The number of children eating school meals is on the rise, new figures show.
According to the School Food Trust, 44.1 per cent of children in primary school and 37.6 per cent of secondary school pupils had school meals over the last year, up from 41.4 per cent and 35.8 per cent respectively in the 12 months previous.
More than three million youngsters now have a school meal every day.
School Food Trust chairman Rob Rees commented: "There's no better review for any restaurant than to see the number of returning customers going up each year – and that's exactly what's happening here, thanks to the hard work of cooks and catering teams, lunchtime supervisors, schools and councils."
He noted that if more children are to start eating school meals, it is important that they remain affordable.
"That means helping schools to grow their market, to get the best deals for their food supplies and services, to protect their kitchens and dining rooms and to operate their catering services efficiently. With more children registering for free school meals, we've also got to make sure that we continue to encourage more children to take them up," Mr Rees said.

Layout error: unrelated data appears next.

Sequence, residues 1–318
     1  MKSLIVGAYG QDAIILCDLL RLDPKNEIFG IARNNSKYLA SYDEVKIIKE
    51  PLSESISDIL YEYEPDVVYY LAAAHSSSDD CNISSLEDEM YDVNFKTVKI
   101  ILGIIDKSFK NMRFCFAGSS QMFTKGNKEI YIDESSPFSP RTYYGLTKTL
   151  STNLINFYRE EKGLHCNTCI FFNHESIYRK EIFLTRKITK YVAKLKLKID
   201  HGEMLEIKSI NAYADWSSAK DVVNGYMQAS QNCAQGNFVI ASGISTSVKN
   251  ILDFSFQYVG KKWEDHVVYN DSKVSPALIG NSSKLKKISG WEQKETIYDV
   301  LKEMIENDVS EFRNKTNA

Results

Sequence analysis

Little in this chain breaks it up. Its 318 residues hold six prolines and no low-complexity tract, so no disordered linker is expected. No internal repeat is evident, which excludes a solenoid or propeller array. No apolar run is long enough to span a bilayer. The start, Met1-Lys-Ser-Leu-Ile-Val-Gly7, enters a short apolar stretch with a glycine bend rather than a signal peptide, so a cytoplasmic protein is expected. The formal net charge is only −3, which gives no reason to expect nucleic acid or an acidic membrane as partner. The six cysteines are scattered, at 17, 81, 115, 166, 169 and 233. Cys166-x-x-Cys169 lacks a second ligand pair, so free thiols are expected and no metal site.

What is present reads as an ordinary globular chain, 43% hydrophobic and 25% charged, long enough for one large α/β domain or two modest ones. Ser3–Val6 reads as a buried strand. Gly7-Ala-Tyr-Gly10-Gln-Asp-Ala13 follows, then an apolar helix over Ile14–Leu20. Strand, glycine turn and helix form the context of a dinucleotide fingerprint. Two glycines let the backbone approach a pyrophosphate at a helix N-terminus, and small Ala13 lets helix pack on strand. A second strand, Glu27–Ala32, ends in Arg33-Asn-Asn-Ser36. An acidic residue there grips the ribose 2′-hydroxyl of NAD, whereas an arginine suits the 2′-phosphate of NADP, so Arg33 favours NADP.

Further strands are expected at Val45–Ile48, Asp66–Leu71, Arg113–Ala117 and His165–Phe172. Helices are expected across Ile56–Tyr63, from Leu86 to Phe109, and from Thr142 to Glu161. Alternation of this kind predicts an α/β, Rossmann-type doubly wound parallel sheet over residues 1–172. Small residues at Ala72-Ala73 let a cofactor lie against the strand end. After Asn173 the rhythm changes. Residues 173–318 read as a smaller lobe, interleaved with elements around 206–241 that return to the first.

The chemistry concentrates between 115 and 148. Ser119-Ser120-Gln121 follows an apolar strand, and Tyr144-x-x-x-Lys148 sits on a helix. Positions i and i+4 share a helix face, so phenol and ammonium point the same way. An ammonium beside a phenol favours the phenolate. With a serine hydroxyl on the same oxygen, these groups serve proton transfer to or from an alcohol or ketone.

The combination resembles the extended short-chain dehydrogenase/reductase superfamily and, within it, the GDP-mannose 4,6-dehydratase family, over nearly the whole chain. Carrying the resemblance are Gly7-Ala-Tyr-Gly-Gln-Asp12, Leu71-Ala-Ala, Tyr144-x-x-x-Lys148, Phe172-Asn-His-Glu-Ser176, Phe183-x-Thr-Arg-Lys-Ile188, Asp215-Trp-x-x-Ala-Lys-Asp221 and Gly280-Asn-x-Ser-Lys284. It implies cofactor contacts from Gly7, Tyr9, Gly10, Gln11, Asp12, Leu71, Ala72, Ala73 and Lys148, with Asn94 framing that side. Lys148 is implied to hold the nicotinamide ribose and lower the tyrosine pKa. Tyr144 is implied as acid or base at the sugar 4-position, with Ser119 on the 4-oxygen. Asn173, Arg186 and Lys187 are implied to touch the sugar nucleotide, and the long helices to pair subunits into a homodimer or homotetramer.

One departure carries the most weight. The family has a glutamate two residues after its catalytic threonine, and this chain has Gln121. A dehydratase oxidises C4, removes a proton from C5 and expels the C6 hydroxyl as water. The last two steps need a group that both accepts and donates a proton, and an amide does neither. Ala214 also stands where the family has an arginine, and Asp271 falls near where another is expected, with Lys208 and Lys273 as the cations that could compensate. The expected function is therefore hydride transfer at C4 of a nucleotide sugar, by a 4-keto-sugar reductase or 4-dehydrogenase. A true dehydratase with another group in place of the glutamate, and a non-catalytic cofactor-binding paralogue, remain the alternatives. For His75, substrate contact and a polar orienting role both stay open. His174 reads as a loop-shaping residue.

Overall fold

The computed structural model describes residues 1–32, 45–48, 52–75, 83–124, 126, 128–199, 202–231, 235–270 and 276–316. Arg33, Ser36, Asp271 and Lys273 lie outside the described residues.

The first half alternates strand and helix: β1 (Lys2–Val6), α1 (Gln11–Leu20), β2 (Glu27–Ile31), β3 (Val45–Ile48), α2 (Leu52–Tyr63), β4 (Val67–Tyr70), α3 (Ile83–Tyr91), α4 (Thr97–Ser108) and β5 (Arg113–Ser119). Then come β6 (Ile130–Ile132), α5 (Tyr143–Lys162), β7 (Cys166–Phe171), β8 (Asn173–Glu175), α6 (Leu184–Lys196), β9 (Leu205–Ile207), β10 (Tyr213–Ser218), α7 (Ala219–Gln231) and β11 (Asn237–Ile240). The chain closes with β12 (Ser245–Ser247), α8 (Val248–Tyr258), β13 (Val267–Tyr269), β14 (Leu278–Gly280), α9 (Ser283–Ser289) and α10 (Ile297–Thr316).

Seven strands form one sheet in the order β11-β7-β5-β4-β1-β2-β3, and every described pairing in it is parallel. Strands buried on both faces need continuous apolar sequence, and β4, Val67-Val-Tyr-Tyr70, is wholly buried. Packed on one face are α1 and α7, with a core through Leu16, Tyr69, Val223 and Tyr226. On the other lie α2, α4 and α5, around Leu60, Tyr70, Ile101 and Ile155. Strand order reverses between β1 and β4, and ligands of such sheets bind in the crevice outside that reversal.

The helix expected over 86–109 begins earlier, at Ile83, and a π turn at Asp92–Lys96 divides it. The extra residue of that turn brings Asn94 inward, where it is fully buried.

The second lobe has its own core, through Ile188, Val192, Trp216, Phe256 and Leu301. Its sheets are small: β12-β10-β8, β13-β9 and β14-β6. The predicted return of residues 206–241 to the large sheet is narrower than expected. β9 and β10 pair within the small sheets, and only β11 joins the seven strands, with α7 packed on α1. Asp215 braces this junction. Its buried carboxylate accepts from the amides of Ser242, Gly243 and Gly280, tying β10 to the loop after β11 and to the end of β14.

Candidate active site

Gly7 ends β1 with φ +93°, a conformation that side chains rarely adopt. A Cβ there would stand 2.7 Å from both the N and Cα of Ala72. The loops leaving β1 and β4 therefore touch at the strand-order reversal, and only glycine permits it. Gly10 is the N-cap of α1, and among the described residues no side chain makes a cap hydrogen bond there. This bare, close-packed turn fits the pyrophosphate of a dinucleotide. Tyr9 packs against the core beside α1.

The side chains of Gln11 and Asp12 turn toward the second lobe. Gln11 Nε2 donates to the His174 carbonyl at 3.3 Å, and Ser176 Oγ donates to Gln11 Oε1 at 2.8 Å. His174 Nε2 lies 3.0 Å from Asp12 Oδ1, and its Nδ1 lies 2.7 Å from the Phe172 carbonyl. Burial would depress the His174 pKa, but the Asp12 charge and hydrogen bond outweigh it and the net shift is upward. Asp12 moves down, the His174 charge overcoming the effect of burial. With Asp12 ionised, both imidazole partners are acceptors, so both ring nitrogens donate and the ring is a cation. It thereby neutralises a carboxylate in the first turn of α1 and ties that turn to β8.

He added that good school food is a solid investment in learning and the health of young people.
The average price of a school meal from 2010-11 was £1.98, representing a 5p increase on the previous year.
The Schools Trust earlier this year urged parents to ensure their children eat well during the exam season.
A survey carried out by the organisation in 2009 found that chocolate is the food of choice for 42 per cent of teenagers when they are revising.
Furthermore, it was revealed that 33 per cent consume fizzy drinks when studying for their exams.
Posted by Dolcie Thacker